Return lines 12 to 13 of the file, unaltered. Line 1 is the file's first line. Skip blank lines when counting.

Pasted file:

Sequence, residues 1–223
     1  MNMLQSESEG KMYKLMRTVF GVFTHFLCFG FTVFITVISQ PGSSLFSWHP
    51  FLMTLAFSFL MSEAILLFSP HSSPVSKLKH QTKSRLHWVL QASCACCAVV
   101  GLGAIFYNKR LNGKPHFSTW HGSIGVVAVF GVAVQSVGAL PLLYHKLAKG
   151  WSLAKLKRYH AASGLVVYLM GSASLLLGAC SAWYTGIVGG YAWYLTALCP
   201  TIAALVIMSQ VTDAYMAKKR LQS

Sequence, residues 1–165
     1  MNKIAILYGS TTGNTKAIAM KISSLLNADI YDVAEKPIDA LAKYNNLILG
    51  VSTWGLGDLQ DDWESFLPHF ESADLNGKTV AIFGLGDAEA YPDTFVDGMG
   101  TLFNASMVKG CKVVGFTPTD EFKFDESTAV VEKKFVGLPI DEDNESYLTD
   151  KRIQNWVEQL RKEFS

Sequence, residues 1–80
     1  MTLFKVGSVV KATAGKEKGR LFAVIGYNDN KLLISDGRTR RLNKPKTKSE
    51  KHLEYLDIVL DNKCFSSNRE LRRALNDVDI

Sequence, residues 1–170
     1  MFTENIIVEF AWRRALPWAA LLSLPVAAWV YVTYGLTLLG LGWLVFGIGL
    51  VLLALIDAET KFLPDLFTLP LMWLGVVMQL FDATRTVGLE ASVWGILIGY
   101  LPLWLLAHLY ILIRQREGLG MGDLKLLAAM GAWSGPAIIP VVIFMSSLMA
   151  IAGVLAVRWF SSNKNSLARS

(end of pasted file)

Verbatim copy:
Sequence, residues 1–80
     1  MTLFKVGSVV KATAGKEKGR LFAVIGYNDN KLLISDGRTR RLNKPKTKSE